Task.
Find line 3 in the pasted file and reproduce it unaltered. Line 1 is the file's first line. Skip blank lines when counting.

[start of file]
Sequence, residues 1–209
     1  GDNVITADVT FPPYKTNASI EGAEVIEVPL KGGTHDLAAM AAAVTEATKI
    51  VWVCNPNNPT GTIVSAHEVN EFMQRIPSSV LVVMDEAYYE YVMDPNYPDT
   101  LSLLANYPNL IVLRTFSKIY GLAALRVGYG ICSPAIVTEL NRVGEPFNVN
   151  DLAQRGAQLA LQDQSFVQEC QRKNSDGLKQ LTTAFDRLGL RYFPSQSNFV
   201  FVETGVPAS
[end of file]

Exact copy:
    51  VWVCNPNNPT GTIVSAHEVN EFMQRIPSSV LVVMDEAYYE YVMDPNYPDT